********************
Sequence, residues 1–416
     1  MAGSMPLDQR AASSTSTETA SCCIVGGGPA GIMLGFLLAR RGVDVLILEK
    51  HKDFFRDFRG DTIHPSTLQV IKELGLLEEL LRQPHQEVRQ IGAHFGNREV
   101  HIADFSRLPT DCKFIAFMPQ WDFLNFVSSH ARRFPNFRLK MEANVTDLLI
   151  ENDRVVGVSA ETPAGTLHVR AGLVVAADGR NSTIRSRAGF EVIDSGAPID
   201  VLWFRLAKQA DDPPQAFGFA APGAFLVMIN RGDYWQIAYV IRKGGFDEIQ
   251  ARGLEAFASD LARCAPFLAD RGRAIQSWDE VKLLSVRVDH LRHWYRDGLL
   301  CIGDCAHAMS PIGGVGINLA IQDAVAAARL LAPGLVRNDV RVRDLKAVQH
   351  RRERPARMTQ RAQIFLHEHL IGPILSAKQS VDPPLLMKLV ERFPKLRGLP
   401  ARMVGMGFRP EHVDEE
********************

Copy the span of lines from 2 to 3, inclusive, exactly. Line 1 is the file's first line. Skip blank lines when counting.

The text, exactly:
     1  MAGSMPLDQR AASSTSTETA SCCIVGGGPA GIMLGFLLAR RGVDVLILEK
    51  HKDFFRDFRG DTIHPSTLQV IKELGLLEEL LRQPHQEVRQ IGAHFGNREV